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Damage-control scramble followed New Jersey lane closings

By Geoff Mulvihill & Angela Delli Santi

Associated Press

LAST UPDATED: 02:57 p.m. HST, Jan 10, 2014

TRENTON, N.J. >> Officials squabbled over media leaks and worried about bad publicity in the days after lane closings near the George Washington Bridge caused huge traffic jams that now appear to have been politically orchestrated by members of Gov. Chris Christie's administration, documents released today show.

In the documents, officials appointed by Christie seemed more concerned about the political fallout than the effects of the gridlock in the town of Fort Lee during four mornings in September. 

The thousands of pages were released by a New Jersey legislative committee investigating the scandal, which could haunt Christie's expected run for president in 2016. The documents mostly involve the Port Authority of New York and New Jersey, the agency that runs the bridge.

Lawmakers are looking into allegations that Christie loyalists engineered the tie-ups to punish the Democratic mayor of Fort Lee for not endorsing Christie for re-election.

The documents show that the traffic mess created tension between New York and New Jersey appointees at the Port Authority, with the New York side angrily countermanding the lane closings.

In the correspondence, Port Authority chairman David Samson, a Christie appointee, suggested that the authority's executive director, Patrick Foye, who was appointed by New York Gov. Andrew Cuomo, had leaked to a reporter an internal memo ordering an end to the lane closings. 

Samson called that possibility "very unfortunate for NY/NJ relations."

On Thursday, Christie moved to contain the damage from the scandal, firing his deputy chief of staff, cutting ties to one of his chief political advisers and apologizing for the traffic jams. Two Christie appointees at the Port Authority resigned last month as the scandal unfolded.

Christie has denied any involvement in the lane closings, and the two batches of documents released on Wednesday and today do not implicate him.

The latest documents contain several emails from Port Authority media relations staff to higher-ups reporting on calls from reporters with questions about the closings. The agency did not respond to those calls.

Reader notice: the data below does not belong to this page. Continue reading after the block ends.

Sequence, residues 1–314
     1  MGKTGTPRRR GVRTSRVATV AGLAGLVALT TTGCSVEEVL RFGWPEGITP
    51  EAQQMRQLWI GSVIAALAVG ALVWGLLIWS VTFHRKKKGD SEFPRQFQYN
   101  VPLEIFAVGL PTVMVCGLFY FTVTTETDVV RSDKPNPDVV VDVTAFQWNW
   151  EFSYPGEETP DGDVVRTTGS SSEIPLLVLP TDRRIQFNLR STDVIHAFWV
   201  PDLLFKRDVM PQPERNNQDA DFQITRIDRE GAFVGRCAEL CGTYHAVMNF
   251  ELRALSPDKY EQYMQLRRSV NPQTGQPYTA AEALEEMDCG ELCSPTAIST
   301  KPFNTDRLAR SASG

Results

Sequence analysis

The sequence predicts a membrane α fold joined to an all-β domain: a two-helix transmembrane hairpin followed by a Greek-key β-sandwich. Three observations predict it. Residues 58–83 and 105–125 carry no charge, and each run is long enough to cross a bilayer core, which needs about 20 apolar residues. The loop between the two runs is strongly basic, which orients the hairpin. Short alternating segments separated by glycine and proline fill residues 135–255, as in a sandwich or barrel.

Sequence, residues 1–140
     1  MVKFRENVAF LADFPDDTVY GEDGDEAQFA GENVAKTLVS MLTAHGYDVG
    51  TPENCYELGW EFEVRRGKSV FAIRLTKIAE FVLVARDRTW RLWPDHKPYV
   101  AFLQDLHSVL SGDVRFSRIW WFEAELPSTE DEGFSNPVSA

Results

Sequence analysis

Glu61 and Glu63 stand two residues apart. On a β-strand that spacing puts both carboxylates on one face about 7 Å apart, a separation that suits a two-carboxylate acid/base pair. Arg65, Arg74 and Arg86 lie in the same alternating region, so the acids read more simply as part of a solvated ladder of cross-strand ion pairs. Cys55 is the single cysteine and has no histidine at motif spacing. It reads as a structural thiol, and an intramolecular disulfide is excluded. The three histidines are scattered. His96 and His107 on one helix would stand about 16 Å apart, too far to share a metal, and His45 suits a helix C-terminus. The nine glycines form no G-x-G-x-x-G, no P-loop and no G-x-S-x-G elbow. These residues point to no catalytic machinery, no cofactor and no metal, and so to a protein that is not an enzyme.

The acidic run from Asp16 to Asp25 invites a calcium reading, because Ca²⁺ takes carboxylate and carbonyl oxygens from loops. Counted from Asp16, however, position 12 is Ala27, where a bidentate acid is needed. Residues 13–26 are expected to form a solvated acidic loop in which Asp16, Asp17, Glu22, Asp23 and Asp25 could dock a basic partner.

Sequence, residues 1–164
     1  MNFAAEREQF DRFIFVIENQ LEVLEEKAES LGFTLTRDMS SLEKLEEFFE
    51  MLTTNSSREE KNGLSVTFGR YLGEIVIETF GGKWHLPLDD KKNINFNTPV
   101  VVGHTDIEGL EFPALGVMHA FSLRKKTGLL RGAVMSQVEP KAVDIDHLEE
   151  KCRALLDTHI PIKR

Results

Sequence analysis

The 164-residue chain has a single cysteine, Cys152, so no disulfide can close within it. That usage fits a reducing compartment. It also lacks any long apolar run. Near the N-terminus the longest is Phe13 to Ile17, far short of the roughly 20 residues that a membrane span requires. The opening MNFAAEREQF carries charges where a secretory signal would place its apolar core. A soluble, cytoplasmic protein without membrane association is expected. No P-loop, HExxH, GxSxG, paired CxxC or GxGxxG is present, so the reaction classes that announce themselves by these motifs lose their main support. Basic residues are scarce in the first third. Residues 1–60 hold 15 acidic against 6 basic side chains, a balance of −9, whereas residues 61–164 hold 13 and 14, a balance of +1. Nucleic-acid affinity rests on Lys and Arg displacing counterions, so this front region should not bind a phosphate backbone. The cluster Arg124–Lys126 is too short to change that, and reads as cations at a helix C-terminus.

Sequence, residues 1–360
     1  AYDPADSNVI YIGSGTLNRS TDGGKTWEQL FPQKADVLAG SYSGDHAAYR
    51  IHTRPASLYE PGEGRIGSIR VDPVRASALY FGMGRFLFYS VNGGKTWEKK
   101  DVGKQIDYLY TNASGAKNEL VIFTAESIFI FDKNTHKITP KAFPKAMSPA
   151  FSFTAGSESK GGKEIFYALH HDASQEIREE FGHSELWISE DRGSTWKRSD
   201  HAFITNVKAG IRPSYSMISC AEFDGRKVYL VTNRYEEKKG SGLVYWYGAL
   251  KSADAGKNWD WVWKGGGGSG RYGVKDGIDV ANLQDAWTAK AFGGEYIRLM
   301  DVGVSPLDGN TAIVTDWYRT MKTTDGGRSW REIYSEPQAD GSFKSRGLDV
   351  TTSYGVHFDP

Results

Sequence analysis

It was Foye's Sept. 13 email that ordered the lanes reopened that generated deep discussion. In it, Foye called the decision to close the lanes "abusive" and added, "I believe this hasty and ill-advised decision violates federal law."

Bill Baroni, the Christie-appointed deputy director who has since resigned, forwarded a copy of the angry email to Christie's scheduling secretary.

Later that morning, Baroni emailed Foye: "I am on my way to office to discuss. There can be no public discourse."

Foye responded: "Bill that's precisely the problem: there has been no public discourse on this." 

Baroni later authorized a statement for reporters explaining that the closings were part of a traffic study.

In recent weeks, there have been questions about the whether the closings were part of a legitimate study. 

Christie himself said on Thursday: "I don't know whether this was a traffic study that then morphed into a political vendetta or a political vendetta that morphed into a traffic study."

The newly released documents show that there was, in fact, a traffic study that was done, or at least a preliminary one. Two versions turned up in the documents -- one was six pages and the other 16. Both were dated Sept. 12, the day before the lanes reopened.

The documents include study findings that Baroni gave to lawmakers at a hearing last year: When the lanes were closed, the main bridge traffic moved a bit faster, but local traffic had major delays. 

Michael Cassidy, a University of California-Berkeley engineering professor who occasionally works with the California Department of Transportation, told The Associated Press that the preliminary study appears to be a legitimate internal report of the sort transportation officials often circulate among themselves.